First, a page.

England’s greatest artist and one of the finest and most original landscape painters of all time
Joseph Mallord William Turner was an English Romantic landscape painter, famed for his vivid treatment of natural light effects in land and marine subjects. Yet despite his success he led a secretive life and shunned public attention.
The son of Mary Marshall and William Turner, a barber and wigmaker, Turner was born in Maiden Lane, Covent Garden, London, in 1775. His actual birth-date is vague, but he always claimed that it was 23rd April, the Feast of St. George, patron of England, and also Shakespeare’s birthday. As a child he made money by colouring engravings for his father’s customers. However, for a time he also lived with his maternal aunt and uncle at Brentford, Middlesex, when his mother began suffering mental health problems, and there he attended John White’s school.
He returned to London some time during the late 1780’s, having completed his formal schooling, and began working under several architectural topographers (notably Thomas Malton, Jr, whose influence on his work is evident). In December 1789, after spending a term as a probationer, he was admitted to the Royal Academy Schools at the age of only 14 – then the only art school in England. By the time he was 18 he had his own studio and was touring the country in search of materials, making architectural drawings in the cathedral cities. Indeed, before his 20th birthday, print sellers were already enthusiastically buying his drawings for reproduction.
For three years in the mid-1790s he teamed up with Thomas Girtin (1775-1802), after meeting him at Dr. Thomas Monro’s evening ‘Academy’. The young Girtin sketched outlines and Turner washed in the colour – between them elevating the art of watercolours to new heights of delicacy and seductiveness.
In 1796, under the influence of Richard Wilson and Claude, he took up oils, then in 1802, became a full member of the Royal Academy. During his late 20s, Turner began travelling widely in Europe, visiting the Louvre collections – by then enriched by Napoleon I’s spoils of war – and was much taken with Titan and Nicolas Poussin.
He gradually became preoccupied with the subtle rendering of shifting shades of light on such opposing forms as waves, mountains, shipwrecks and architecture, conveying a generalised mood or impression of a scene, sometimes emphasised by dramatically changeable and vivid colours. Examples from this period include The Shipwreck (1805); Frosty Morning (1813) and Crossing the Brook (1815). His use of colour was also enhanced by trips to Italy between 1819 and 1840, and his brushwork became increasingly free.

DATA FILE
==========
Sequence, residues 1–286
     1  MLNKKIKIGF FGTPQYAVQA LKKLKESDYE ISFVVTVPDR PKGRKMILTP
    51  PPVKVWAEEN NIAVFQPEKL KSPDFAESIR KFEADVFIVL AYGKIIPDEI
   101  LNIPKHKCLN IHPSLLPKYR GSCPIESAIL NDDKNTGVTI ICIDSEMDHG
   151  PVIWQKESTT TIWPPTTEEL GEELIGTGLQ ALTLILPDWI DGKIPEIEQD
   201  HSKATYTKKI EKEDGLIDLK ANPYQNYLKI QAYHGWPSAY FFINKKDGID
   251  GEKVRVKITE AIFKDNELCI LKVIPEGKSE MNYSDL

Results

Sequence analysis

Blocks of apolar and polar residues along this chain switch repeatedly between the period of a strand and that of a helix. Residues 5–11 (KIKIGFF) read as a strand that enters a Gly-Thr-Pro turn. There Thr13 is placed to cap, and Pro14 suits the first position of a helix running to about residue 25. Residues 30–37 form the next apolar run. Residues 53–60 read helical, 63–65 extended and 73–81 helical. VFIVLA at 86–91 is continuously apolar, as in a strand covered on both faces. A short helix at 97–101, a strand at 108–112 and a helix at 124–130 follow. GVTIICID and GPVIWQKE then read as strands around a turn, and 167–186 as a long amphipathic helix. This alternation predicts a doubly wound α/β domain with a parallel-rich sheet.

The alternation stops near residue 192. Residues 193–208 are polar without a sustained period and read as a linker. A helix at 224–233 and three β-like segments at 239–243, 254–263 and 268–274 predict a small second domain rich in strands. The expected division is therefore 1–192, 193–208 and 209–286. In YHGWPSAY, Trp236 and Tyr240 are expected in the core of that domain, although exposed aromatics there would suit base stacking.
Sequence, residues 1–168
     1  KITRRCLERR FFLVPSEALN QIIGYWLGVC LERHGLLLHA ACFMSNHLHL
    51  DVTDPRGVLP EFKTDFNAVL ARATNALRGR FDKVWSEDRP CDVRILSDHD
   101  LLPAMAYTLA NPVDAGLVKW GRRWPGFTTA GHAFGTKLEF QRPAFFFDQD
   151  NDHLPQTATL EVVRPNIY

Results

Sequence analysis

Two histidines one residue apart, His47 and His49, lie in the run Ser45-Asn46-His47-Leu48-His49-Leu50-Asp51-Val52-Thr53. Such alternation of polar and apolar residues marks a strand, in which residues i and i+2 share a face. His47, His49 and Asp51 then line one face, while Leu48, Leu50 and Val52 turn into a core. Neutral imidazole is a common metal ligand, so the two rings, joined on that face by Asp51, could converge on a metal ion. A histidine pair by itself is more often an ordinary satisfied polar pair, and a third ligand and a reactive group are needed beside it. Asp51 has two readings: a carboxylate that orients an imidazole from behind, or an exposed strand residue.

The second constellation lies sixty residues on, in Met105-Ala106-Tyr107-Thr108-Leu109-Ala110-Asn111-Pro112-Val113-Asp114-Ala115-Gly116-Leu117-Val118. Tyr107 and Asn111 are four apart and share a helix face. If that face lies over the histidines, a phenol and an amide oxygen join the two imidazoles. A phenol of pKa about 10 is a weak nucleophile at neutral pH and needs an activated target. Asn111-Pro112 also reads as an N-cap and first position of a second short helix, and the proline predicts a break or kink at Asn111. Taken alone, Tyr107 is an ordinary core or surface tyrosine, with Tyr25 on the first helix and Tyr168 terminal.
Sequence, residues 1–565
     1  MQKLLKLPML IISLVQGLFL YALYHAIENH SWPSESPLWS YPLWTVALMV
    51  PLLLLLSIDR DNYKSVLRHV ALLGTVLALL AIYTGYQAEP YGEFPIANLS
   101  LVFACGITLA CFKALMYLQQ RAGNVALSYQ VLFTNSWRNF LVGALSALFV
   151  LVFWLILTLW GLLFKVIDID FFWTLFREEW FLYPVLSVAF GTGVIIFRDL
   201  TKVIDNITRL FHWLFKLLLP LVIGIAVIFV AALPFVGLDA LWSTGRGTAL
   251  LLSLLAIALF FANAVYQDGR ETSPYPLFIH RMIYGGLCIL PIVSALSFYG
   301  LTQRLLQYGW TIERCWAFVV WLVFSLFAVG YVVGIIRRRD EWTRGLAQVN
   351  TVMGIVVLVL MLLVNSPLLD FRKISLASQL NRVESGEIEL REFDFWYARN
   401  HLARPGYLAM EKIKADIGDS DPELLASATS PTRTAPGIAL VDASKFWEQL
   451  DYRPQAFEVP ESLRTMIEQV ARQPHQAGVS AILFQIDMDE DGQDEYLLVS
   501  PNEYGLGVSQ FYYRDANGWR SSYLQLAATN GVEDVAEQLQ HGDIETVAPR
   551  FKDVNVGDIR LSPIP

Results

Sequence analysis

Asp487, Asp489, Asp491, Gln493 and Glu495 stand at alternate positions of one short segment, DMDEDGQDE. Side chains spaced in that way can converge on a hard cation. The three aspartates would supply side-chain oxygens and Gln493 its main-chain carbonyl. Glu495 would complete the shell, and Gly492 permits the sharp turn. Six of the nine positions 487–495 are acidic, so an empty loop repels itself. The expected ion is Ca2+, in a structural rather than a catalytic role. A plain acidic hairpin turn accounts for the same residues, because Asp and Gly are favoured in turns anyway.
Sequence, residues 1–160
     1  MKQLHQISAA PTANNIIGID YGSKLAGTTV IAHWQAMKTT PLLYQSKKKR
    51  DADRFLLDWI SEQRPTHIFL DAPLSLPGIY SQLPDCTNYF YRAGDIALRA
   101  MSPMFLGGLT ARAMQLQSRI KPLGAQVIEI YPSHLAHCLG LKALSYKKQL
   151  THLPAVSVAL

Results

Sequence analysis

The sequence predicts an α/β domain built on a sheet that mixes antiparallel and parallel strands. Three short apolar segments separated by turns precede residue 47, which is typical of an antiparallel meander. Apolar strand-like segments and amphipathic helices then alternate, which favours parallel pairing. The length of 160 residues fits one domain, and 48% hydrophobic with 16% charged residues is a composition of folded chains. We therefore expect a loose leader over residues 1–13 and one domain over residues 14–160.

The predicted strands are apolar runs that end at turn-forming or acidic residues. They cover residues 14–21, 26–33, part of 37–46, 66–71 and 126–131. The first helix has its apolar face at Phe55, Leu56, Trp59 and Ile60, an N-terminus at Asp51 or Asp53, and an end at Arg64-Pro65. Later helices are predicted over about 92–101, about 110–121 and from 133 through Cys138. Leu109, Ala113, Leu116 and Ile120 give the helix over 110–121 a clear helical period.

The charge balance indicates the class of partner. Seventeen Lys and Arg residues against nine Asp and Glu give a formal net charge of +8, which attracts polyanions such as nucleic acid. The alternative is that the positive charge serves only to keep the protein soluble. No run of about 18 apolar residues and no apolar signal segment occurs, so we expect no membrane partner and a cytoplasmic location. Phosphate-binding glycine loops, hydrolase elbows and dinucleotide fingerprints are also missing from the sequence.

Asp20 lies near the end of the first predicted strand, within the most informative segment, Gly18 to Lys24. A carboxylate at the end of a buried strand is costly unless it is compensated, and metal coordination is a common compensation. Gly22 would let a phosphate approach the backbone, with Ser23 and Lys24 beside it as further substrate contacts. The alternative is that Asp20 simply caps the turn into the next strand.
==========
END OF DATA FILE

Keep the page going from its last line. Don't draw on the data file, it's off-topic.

Turner was a master of his craft and his work was of enormous importance in the development of impressionism. However, in 1803, after changing his style, he was attacked by the critics and for some time had difficulty selling his paintings. Luckily, he found a champion in the English writer, John Ruskin (1819-1900), whose Modern Painters (volume 1, 1843) helped to turn the critical tide in the artist’s favour.
Turner never married (although he did have a mistress with whom he had three children) and was often accused of being eccentric. When not staying with his patron, Lord Egremont at Petworth, he lived a reclusive existence, taking rooms in London taverns. He had no close friends, and even towards the end of his life, resided in Chelsea under an assumed name. He died there in 1851, leaving the nation over 300 paintings, nearly 20,000 watercolours and 19,000 drawings.
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Link will appear as Hanson, Marilee. "J. M. W. Turner (1775-1851)" https://englishhistory.net/georgian/j-m-w-turner/, February 8, 2022